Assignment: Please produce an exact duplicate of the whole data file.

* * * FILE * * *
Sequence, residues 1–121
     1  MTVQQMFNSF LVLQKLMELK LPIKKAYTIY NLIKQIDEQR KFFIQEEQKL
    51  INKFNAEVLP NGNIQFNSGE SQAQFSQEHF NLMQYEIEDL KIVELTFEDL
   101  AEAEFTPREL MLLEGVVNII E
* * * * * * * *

Sequence, residues 1–121
     1  MTVQQMFNSF LVLQKLMELK LPIKKAYTIY NLIKQIDEQR KFFIQEEQKL
    51  INKFNAEVLP NGNIQFNSGE SQAQFSQEHF NLMQYEIEDL KIVELTFEDL
   101  AEAEFTPREL MLLEGVVNII E